Weight Loss May Release Stored Toxins
Environmental pollutants trapped in fat cells could be released back into circulation when people shed a lot of weight, researchers said.
According to data collected from among 1,099 adult participants age ≥40 in the CDC’s National Health and Nutrition Examination Survey (NHANES), serum concentrations of six persistent organic pollutants were significantly correlated with weight change, according to Duk-Hee Lee, MD, PhD, of Kyungpook National University in Daegu, Korea, and colleagues.
Adjusted correlation coefficients for 10-year weight changes ranged from -0.16 to -0.23 for the six pollutants, with slightly smaller coefficients found for one-year weight changes, the researchers reported online in the International Journal of Obesity.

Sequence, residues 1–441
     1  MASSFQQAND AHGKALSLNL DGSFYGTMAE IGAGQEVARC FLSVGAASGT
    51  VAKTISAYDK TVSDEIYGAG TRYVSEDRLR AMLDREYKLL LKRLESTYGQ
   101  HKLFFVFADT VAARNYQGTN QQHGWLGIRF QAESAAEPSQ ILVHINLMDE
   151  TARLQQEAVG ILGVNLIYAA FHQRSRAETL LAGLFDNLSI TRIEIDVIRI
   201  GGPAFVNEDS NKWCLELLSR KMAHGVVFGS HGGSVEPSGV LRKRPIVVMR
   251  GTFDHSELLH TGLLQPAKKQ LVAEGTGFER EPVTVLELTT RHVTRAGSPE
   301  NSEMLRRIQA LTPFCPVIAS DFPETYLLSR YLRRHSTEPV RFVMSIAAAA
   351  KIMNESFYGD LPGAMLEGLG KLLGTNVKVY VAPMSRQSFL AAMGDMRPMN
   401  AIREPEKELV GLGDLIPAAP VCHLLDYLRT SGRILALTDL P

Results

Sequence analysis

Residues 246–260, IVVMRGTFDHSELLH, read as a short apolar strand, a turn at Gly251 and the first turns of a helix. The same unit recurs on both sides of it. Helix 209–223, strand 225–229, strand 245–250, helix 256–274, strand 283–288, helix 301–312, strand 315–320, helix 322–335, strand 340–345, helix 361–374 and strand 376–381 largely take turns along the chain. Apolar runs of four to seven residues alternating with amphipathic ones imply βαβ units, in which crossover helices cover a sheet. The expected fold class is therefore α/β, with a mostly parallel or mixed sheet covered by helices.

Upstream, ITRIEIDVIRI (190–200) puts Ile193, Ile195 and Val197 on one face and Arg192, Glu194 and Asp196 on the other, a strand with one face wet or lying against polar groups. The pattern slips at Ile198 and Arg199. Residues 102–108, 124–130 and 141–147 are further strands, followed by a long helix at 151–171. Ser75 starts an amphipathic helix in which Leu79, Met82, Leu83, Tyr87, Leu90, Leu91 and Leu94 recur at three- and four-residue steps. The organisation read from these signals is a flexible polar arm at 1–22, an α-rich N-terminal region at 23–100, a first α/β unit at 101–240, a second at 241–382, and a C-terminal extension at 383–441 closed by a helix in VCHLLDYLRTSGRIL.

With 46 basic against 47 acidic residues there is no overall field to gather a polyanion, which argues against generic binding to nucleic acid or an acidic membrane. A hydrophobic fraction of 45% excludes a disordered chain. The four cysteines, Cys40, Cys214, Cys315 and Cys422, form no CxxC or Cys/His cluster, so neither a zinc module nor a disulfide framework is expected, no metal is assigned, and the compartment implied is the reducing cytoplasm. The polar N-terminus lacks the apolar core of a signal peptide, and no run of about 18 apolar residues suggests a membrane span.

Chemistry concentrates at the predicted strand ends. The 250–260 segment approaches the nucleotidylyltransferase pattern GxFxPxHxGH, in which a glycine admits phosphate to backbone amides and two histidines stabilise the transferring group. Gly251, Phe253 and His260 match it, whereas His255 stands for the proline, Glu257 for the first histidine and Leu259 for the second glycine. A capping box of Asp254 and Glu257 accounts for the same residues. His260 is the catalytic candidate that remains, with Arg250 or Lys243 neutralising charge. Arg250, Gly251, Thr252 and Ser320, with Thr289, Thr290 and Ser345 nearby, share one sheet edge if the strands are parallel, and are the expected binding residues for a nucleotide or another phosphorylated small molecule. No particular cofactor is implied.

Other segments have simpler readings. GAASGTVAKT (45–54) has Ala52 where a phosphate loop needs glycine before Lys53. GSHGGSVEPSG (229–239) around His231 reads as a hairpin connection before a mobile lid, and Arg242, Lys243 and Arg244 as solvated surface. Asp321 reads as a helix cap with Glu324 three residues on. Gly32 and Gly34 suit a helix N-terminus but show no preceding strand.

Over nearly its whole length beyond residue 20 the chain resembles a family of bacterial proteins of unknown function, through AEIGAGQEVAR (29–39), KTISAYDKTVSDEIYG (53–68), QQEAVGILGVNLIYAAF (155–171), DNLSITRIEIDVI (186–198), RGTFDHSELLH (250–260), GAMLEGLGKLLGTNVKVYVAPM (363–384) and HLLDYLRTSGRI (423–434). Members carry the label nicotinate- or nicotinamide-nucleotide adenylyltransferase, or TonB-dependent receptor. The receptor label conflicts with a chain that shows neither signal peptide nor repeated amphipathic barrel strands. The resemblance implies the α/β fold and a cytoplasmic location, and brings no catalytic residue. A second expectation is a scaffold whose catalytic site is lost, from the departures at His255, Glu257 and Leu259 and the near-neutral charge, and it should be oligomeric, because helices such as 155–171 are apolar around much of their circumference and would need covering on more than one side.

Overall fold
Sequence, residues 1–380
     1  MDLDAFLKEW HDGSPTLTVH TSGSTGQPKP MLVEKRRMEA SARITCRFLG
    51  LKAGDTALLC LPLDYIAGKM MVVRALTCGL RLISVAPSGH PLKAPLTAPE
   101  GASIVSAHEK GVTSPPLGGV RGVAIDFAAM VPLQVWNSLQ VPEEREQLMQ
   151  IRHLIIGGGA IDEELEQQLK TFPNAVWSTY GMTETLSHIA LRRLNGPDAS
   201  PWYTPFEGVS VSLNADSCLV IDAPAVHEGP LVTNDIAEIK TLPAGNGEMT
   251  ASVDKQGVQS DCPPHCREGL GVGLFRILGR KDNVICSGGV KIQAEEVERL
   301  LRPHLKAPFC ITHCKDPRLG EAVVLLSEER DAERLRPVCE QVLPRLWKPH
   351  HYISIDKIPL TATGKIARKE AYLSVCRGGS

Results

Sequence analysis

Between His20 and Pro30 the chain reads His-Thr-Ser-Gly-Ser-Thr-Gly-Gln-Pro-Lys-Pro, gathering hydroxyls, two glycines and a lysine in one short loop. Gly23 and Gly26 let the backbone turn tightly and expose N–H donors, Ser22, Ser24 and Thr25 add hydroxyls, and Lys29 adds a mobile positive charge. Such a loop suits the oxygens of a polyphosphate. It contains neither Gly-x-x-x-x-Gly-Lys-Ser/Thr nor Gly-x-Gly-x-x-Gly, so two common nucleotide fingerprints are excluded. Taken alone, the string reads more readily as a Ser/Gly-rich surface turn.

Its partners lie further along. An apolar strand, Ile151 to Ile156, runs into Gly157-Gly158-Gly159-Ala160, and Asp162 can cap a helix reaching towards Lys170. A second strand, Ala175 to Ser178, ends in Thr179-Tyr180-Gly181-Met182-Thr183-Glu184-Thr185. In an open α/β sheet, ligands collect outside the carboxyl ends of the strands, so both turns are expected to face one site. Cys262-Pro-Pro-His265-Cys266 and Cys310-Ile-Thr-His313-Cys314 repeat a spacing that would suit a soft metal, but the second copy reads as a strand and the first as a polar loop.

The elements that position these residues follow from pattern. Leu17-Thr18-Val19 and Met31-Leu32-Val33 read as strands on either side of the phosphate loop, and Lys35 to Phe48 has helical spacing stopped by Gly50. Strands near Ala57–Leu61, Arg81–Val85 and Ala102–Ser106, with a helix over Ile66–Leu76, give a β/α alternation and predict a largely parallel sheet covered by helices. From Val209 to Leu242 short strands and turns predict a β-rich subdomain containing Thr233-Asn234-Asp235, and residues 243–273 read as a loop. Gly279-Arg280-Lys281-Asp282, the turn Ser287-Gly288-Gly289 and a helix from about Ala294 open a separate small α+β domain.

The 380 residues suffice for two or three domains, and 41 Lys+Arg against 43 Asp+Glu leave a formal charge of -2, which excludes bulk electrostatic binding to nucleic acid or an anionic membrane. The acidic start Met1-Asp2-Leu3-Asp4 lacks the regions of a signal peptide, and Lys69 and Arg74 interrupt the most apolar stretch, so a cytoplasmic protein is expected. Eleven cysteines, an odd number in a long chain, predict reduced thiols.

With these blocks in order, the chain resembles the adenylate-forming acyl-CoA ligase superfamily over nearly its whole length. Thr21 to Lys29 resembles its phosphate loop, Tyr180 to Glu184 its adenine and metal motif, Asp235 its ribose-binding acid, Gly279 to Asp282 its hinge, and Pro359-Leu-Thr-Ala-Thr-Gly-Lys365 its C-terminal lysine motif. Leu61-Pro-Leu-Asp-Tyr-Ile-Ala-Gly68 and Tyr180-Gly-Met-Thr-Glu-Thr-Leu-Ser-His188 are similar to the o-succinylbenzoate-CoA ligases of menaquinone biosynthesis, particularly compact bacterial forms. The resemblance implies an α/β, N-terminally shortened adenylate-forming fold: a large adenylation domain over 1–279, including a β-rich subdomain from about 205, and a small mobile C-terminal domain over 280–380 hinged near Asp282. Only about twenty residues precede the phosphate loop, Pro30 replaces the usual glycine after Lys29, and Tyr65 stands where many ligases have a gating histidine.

Correlations between serum pollutant levels and five categories of weight-loss — stable weight, moderate increase or decrease, and large increase or decrease — were significant (P<0.01) for all but one of the six pollutants. Compared with participants who reported large weight gains over the previous decade, those claiming large losses had serum levels of the six pollutants that were about 50% higher, Lee and colleagues found. Although the cross-sectional study design could not establish that weight loss itself led to the higher concentrations of circulating organic pollutants, the findings were consistent with such a mechanism, the researchers suggested. “As persistent organic pollutants mainly bioaccumulate in adipose tissue, weight change can affect serum concentrations,” they explained. Lee and colleagues also noted that some small longitudinal studies have already found evidence that these chemicals are released from fat tissue after short-term weight losses. The researchers suggested that such releases may account for some adverse outcomes seen in people undergoing large weight losses, including increased rates of cardiovascular disease, dementia, and death. “These puzzling findings on weight change from observational studies have been dismissed simply as bias due to no biological plausibility,” Lee and colleagues wrote, suggesting that these effects are mixed with the benefits of weight loss in previously obese individuals. “Pathogenesis of some health outcomes may be more affected by the change of adipose tissue mass, while pathogenesis of other health outcomes may be more affected by the change of serum concentrations of persistent organic pollutants,” they argued. Their study involved data from 1999 to 2002 NHANES series, in which serum levels of 49 organic pollutants that are not metabolized in vivo were measured in some participants. Since most of these pollutants turned out to be undetectable in many samples, Lee and colleagues focused on the seven with the highest detection rates in participants who were at least 40 years old. The study group was comprised of 49% men and over half were white. These chemicals included trans-nonachlor, p,p’-DDE, beta-hexachlorocyclohexane, PCB169, PCB180, 1,2,3,4,6,7,8-heptachlorodibenzo-p-dioxin, and 1,2,3,4,6,7,8-heptachlorodibenzofuran (HpCDF). Participants in NHANES also reported their weight at year one and 10 years earlier, allowing for weight change to be estimated over time. Lee and colleagues stratified these estimates into five categories for each period: stable weight, moderate increase or decrease, and large increase or decrease. For one-year change, stable weight was a gain or loss of less than 1 kg (2.2 lb). Moderate change was 1 to 5 kg (11 lb) and large change was more than 5 kg. The 10-year weight-change categories were double these ranges (that is, large change was more than 10 kg or 22 lbs) and moderate change was 2 to 10 kg (4.4 to 22 lbs). The correlations between the weight-loss categories and the serum pollutant levels were significant (P<0.01) for all but HpCDF — for which the correlation coefficient was -0.05 (P=0.12). Lee and colleagues acknowledged that the study design allowed for potential confounding and error, insofar as each participant had only one serum measurement of pollutant levels and reported their own previous weights. Also, it remained possible that factors other than weight loss, which were not analyzed in the current study, were also associated with the serum pollutant levels. Thus, they recommended more studies of the potential relationship. However, pending the outcome of such future studies, “researchers and clinicians need to consider lipophilic xenobiotics such as persistent organic pollutants that bioaccumulate in adipose tissue as well as obesity itself when they study or manage obesity issues because such xenobiotics may work against what we generally expect from weight loss or gain,” Lee and colleagues concluded.